Respondent did not reply to Complainant's contentions.
Paragraph 15(a) of the Rules instructs the Panel as to the principles the Panel is to use in determining the dispute: “A Panel shall decide a complaint on the basis of the statements and documents submitted and in accordance with the Policy, these Rules and any rules and principles of law that it deems applicable.”
Paragraph 4(a) of the Policy directs that the complainant must prove each of the following:
1) that the domain name registered by the respondent is identical or confusingly similar to a trademark or service mark in which the complainant has rights; and,
2) that the respondent has no rights or legitimate interests in respect of the domain name; and,
3) that the domain name has been registered and is being used in bad faith.
The domain name at issue consists of the distinctive elements of Complainant's BANCA CR FIRENZE mark with an “a” inserted between the “c” and the “r” and an “i” inserted after the “r” and before “firenze.” The fact that the domain name does not incorporate the word “banca” (in English, “bank”) which is part of Complainant's mark is not controlling on the question of confusing similarity, since that part of the mark is not distinctive and is a common descriptive term of Complainant's business. EFG Bank European Financial Group SA v. Jacob Foundation, WIPO Case No. D2000-0036 (<efgprivate.com> held confusingly similar to EFG PRIVATE BANK mark. Nor is the addition of the letters “a” and “i” to the name, especially where the addition actually increases the confusion between the domain name and Complainant by suggesting Complainant's common name. Id. (<efgpb.com> held confusingly similar to the EFG mark, especially since the domain name also suggests the EFG PRIVATE BANK mark and the “EFG Private Bank” name.) Accordingly, the Panel finds that the domain name at issue is confusingly similar to Complainant's mark.
The consensus view of WIPO UDRP panelists concerning the burden of establishing no rights or legitimate interests in respect of the domain name is as follows:
While the overall burden of proof rests with the complainant, panels have recognized that this could result in the often impossible task of proving a negative, requiring information that is often primarily within the knowledge of the respondent. Therefore a complainant is required to make out a prima facie case that the respondent lacks rights or legitimate interests. Once such prima facie case is made, respondent carries the burden of demonstrating rights or legitimate interests in the domain name. If the respondent fails to do so, a complainant is deemed to have satisfied paragraph 4(a)(ii) of the UDRP.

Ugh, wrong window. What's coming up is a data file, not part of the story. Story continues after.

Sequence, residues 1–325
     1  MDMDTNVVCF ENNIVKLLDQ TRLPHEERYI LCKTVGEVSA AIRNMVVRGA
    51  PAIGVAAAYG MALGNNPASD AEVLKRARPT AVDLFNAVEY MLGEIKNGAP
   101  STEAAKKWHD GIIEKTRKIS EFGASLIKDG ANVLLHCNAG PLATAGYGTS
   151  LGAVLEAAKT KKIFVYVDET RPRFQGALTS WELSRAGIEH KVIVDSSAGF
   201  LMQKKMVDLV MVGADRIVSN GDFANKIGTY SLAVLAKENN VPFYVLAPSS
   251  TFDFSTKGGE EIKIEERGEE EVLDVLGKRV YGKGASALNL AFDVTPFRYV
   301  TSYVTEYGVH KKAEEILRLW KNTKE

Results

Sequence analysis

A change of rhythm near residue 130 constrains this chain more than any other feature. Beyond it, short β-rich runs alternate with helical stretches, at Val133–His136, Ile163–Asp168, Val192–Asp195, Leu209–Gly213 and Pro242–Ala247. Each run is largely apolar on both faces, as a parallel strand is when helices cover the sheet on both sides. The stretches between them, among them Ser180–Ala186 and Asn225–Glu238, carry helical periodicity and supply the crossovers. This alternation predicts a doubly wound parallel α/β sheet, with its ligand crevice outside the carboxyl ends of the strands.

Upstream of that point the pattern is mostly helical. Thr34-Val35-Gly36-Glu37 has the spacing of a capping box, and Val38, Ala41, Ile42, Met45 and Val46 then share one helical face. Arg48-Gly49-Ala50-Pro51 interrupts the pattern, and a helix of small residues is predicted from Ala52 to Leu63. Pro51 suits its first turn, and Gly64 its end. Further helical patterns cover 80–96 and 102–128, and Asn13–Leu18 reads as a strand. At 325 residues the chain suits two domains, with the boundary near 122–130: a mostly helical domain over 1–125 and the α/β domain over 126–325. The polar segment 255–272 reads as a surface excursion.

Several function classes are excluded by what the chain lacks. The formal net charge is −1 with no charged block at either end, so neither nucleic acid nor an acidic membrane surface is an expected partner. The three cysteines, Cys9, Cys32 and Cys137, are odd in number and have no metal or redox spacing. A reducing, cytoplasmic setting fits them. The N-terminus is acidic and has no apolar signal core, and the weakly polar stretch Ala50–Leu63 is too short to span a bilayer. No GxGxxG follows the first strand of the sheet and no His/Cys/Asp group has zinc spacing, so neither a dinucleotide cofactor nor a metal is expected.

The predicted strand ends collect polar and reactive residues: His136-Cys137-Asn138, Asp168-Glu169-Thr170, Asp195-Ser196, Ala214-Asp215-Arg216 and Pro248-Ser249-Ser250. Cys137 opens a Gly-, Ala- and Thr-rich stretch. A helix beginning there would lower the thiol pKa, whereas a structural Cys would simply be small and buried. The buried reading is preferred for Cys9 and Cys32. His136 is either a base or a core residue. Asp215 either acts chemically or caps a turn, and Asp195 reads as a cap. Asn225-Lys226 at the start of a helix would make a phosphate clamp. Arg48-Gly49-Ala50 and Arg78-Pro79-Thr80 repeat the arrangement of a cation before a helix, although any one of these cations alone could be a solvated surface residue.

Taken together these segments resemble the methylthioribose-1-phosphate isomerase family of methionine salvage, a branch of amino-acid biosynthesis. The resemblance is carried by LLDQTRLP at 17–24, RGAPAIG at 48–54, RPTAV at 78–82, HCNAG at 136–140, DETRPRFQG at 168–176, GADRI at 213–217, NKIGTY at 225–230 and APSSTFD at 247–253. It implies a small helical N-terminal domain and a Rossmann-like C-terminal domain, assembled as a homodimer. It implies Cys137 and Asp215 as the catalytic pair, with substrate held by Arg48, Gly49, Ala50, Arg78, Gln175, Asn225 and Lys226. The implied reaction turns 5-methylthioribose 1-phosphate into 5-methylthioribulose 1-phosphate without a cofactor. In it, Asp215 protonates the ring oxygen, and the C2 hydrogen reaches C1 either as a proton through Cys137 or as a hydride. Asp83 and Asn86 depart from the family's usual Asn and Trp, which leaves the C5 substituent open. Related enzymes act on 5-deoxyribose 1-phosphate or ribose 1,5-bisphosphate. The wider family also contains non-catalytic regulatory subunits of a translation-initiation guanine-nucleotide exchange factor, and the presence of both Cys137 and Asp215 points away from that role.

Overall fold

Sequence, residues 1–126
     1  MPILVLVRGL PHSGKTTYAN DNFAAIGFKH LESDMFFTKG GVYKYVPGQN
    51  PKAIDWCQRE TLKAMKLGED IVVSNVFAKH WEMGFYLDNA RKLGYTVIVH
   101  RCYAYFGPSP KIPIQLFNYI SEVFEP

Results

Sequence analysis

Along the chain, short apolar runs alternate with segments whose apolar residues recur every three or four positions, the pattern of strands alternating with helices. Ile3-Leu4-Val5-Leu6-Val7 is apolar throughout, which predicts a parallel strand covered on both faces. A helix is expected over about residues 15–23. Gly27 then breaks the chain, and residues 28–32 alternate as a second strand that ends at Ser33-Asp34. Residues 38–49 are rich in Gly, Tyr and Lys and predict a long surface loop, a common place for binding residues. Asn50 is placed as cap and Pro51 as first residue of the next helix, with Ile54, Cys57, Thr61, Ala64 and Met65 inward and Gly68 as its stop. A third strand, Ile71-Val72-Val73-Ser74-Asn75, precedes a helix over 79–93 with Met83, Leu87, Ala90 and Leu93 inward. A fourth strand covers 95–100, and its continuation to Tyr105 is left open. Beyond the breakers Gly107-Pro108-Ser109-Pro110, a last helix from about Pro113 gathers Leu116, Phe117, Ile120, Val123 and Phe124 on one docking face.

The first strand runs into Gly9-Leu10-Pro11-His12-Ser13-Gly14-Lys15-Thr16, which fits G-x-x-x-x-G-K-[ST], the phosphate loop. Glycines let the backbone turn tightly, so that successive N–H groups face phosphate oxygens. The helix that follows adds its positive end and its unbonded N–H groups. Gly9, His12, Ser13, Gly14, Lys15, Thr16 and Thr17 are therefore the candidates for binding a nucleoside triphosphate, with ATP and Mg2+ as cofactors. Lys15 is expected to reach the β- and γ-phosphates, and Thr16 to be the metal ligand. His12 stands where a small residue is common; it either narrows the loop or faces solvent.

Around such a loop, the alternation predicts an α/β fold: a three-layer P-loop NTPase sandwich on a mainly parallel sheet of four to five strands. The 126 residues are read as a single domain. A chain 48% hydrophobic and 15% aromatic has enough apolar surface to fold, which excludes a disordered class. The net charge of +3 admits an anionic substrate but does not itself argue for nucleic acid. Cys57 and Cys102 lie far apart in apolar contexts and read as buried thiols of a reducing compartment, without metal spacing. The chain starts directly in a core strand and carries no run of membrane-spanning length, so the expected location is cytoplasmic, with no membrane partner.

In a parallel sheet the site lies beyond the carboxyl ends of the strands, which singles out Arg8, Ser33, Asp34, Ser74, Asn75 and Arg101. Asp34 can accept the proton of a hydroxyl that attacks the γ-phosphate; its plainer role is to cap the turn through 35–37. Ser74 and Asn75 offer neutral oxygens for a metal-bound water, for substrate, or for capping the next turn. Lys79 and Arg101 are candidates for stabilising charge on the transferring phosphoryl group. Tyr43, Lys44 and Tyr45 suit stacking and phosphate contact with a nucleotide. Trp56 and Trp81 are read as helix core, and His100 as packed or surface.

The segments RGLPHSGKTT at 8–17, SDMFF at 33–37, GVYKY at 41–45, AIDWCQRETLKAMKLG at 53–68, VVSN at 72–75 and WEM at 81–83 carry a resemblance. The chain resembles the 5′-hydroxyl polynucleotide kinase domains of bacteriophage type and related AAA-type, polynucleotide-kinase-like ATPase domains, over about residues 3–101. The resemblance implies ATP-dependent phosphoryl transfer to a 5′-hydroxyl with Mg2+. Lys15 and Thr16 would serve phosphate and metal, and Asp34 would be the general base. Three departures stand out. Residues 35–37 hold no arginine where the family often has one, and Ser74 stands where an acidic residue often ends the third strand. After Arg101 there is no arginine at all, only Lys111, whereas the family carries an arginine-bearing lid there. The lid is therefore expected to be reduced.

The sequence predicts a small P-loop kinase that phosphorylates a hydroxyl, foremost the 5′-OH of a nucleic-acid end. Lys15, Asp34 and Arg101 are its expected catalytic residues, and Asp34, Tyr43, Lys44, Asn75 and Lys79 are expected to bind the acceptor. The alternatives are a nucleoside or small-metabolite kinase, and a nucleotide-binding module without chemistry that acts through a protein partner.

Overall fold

WIPO Overview of WIPO Panel Views on Selected UDRP Questions, Section 2.1. In the present case Complainant alleges that Respondent has no rights or legitimate interests in respect of the domain name at issue, and Respondent has failed to assert any such rights. On the record, the Panel finds that Respondent has no rights or legitimate interests in respect of the domain name at issue.
Respondent has been using the domain name at issue to resolve to a web site at which links to financial institutions offering services directly competitive to those offered by Complainant. This constitutes bad faith registration and use. YAHOO!INC. v. David Murray, WIPO Case No. D2001-1319. Moreover, Respondent is currently using the domain name at issue to resolve to a parking site. This is also evidence of bad faith registration and use. Asian World of Martial Arts Inc. v. Texas International Property Associates, WIPO Case No. D2007-1415. Accordingly the Panel finds that Respondent has registered and is using the domain name at issue in bad faith.
For all the foregoing reasons, in accordance with paragraphs 4(i) of the Policy and 15 of the Rules, the Panel orders that the domain name <carifirenze.com> be transferred to Complainant.
M. Scott Donahey
Dated: August 21, 2009